The wonder of all this is, that the light of Christ within us is already part of who we are as the spiritual beings who have been raised and seated with Him in heavenly places. In that place that is outside the realms of time, we are already glorified: “For whom He foreknew, He also predestined to be conformed to the image of His Son, that He might be the firstborn among many brethren. Moreover whom He predestined, these He also called; whom He called, these He also justified; and whom He justified, these He also glorified.” (Rom 8: 29-30) Our heavenly body already exists: “we know that if our earthly house, this tent, is destroyed, we have a building from God, a house not made with hands, eternal in the heavens” (2 Cor 5:1) Paul doesn’t say that “we will have” an eternal heavenly body (“building”); he says we have already got it. Since it’s eternal, it actually existed before time. God said to Jeremiah: “Before I formed you in the womb I knew you; Before you were born I sanctified you; I ordained you a prophet to the nations.” (Jer 1:4) When “this corruptible has put on incorruption, and this mortal has put on immortality,” (1 Cor 15:4) we will finally be stepping into the eternal self that has been waiting all our lives to receive us.

Is this what we see when we look in the mirror? Because it’s what the love of God planned for us before He created time itself. Before He called creation into being and subjected it to decay, our glorified selves were already raised with Christ, and the works that we would do on Earth as we move in contact with the fire of that love were already prepared. (Eph 2:10) To walk by faith is to step through eternity, in the blazing light of perfect love by which we are being transformed from glory to glory.

If you want patience – and love, and joy, and the rest of the fruit of the Spirit – take a step of faith now and look at yourself as you really are. I am an amateur photographer, and I long for images that are ‘pin-sharp.’ What you will see will not be pin-sharp yet, but the more you long for it, the clearer it will become. Meanwhile it is no less real, and the light that you see it by is “the light of the knowledge of the glory of the Lord in the face of Christ.” (2 Cor 4:6) Look, there He is, burning with unfailing love: Christ in you, the hope of glory.

Pursuing Love (Teaching)

Pursue love, and desire spiritual gifts, but especially that you may prophesy.” (1 Cor 14:1)


We all know the above scripture: it’s wheeled out often enough as a proof text for the prophetic and for the gifts of the Holy Spirit. And we all know the context: it follows Paul’s famous treatise on Love, and is sandwiched in the middle of the New Testament training manual on exercising the gifts of the Spirit. Both the “command” words are emphatic in their meaning. To pursue is to chase after someone until you have caught up with them, not just jog behind then a t a distance; and to desire has a connotation of a zealous, earnest longing and reaching for something, not just a wishy-washy want, an “it would be nice if…”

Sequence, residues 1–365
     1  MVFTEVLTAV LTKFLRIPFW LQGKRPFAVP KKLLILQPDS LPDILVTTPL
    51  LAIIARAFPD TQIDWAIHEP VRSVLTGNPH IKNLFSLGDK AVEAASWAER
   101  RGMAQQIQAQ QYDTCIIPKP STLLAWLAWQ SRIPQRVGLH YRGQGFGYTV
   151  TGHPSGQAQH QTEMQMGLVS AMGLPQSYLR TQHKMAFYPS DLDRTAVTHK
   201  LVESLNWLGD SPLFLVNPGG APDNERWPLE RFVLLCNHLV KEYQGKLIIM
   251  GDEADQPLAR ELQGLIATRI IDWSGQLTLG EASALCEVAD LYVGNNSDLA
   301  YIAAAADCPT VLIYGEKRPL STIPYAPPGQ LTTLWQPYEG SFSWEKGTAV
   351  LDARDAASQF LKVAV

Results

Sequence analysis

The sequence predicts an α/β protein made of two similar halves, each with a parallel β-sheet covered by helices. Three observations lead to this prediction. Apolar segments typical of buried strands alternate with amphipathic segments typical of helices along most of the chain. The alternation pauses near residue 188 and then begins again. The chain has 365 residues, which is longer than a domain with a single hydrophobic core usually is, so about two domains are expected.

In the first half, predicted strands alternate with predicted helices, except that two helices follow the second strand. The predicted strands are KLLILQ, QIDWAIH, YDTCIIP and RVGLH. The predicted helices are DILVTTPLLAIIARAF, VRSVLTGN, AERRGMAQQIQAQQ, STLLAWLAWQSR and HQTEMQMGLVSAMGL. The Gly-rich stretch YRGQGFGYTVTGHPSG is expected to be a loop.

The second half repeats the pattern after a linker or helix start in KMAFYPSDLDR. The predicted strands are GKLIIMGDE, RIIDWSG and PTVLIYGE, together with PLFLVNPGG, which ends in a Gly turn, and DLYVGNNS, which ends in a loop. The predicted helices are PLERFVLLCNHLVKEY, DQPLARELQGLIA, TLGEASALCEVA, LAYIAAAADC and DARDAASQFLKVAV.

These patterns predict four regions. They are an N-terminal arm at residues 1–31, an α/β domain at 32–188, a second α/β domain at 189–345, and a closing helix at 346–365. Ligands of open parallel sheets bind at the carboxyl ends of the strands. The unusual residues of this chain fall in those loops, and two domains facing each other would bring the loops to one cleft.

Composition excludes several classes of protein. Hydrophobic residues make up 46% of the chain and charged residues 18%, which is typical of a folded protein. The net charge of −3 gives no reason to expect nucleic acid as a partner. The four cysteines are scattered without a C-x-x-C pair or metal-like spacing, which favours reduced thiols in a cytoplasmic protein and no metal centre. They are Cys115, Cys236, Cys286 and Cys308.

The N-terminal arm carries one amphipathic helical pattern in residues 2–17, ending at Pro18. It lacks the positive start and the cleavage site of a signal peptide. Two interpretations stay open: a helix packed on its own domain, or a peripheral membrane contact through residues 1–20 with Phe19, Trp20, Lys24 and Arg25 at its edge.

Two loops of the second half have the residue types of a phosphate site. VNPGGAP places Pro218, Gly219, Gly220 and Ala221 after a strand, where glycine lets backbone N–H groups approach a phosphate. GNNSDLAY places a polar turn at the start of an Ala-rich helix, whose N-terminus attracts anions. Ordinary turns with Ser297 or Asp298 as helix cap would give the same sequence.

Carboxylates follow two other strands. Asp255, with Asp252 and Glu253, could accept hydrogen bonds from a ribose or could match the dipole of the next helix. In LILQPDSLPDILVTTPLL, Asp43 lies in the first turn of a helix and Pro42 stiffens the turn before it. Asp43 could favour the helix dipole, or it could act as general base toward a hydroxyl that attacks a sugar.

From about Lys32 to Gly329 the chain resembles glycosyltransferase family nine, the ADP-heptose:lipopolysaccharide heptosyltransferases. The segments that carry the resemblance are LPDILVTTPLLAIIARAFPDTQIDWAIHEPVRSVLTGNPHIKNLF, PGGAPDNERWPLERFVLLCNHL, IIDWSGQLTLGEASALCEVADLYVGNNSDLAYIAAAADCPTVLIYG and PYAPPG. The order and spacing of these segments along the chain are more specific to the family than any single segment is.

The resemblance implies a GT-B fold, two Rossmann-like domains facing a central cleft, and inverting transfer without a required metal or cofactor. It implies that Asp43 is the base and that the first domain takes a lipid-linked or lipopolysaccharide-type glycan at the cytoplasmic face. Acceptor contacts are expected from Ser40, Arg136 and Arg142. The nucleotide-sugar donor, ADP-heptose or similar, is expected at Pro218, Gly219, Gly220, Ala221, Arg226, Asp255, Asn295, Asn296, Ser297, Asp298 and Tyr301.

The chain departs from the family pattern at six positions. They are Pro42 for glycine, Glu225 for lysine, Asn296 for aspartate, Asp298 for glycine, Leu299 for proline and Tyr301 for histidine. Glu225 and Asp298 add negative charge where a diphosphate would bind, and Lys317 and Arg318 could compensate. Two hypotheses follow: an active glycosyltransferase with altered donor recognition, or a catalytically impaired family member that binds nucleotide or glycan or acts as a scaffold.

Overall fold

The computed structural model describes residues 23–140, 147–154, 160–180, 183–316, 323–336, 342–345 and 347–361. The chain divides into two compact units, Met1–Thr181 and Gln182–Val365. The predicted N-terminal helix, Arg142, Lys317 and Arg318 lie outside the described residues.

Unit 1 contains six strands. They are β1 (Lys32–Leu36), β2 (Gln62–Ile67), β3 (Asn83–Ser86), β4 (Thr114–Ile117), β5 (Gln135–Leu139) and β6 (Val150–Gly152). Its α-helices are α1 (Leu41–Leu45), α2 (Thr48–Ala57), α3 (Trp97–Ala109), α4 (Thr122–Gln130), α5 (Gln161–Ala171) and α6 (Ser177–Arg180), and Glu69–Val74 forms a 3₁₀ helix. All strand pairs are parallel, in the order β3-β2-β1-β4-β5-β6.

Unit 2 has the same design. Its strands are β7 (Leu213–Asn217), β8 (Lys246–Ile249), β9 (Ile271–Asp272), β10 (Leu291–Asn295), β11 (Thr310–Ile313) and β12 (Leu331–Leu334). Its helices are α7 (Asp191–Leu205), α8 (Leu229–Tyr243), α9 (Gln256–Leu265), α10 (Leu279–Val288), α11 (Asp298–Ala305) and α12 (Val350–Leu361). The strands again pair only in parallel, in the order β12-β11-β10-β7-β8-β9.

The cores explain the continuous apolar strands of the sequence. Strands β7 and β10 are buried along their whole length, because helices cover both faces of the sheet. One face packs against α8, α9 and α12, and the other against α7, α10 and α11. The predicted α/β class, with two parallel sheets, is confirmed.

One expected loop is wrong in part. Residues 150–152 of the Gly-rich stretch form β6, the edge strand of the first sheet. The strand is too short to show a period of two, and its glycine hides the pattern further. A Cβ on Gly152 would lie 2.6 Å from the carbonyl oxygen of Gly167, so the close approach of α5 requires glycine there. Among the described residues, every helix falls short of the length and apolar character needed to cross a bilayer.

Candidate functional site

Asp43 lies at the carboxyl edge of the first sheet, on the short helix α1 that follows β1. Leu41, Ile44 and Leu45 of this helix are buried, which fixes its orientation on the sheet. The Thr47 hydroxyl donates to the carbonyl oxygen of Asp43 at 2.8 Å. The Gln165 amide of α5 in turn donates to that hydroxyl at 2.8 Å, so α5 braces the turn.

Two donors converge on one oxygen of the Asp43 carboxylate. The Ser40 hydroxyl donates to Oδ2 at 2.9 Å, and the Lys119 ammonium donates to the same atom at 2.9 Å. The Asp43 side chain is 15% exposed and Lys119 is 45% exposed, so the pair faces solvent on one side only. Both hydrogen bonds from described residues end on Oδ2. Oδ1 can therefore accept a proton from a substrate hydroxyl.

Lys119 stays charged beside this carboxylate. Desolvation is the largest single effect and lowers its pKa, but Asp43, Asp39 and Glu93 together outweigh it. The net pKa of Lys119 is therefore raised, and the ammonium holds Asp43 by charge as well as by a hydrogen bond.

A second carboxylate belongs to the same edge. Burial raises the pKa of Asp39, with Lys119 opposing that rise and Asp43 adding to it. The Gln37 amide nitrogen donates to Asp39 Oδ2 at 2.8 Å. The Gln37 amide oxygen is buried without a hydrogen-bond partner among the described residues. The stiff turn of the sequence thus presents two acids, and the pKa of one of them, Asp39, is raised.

Chase after love, reach for spiritual gifts, especially prophesy. How do we respond to this verse in the context of church? And is one of these two injunctions more important in God’s sight than the other? I think the following story can give us some insights:

And behold, there came a man named Jairus, and he was a ruler of the synagogue. And he fell down at Jesus’ feet and begged Him to come to his house, for he had an only daughter about twelve years of age, and she was dying. But as He went, the multitudes thronged Him. Now a woman, having a flow of blood for twelve years, who had spent all her livelihood on physicians and could not be healed by any, came from behind and touched the border of His garment. And immediately her flow of blood stopped. And Jesus said, “Who touched Me?” When all denied it, Peter and those with him said, “Master, the multitudes throng and press You, and You say, ‘Who touched Me?’ ” But Jesus said, “Somebody touched Me, for I perceived power going out from Me.” Now when the woman saw that she was not hidden, she came trembling; and falling down before Him, she declared to Him in the presence of all the people the reason she had touched Him and how she was healed immediately. And He said to her, “Daughter, be of good cheer; your faith has made you well. Go in peace.” (Luke 8: 41-48)

There are many points in this story that we can ponder on, but one thing that stands out for me is this: Jesus stopped for the woman who touched him. I can imagine myself in that situation. It would probably go something like this: ‘I’ve just got a call to pray for the daughter one of the city’s leaders; and not only that, but she is dying! So not only am I being called on by a VIP, but this is serious stuff, and it’s urgent. Out of my way everyone! I can’t stop! I’m on an important mission…” And so on. How many snares for the flesh there are in that scenario. And even if had “perceived power going out of me,” I would probably just have thought “Great! Someone ese has got healed too. That’s cool. Now how much further to Jairus’s house?”

How different is the way of the Spirit. “Who touched me?” The disciples just wanted to get to Jairus’s house and thought Jesus was being ridiculous, but they hadn’t understood the meaning of “touched.” They saw just the clamouring of the flesh, but the touch that Jesus felt went beyond the flesh and reached His Spirit. So He put the “important” mission on pause while He stopped to give the woman her life back. Not only did she receive her physical healing, but He affirmed her identity (“Daughter”), He encouraged her heart (be of good cheer), He built her faith, He ministered wholeness beyond her symptoms, and He gave her peace. He did not just impart a gift of healing; He loved her.

Again, when the 5,000 were fed, it was because Jesus allowed their need into His agenda. He had just heard of the death of john the Baptist and was in a “remote place” with His disciples, where the context suggests He had planned to spend some time processing and no doubt praying over what had just happened. But the crowds followed Him, and he had compassion on them (Matt 14: 13-21). On this occasion the gift of the Holy Spirit was the working of miracles, and He empowered the disciples to minister it. But again the vehicle, as it was throughout His ministry, was love.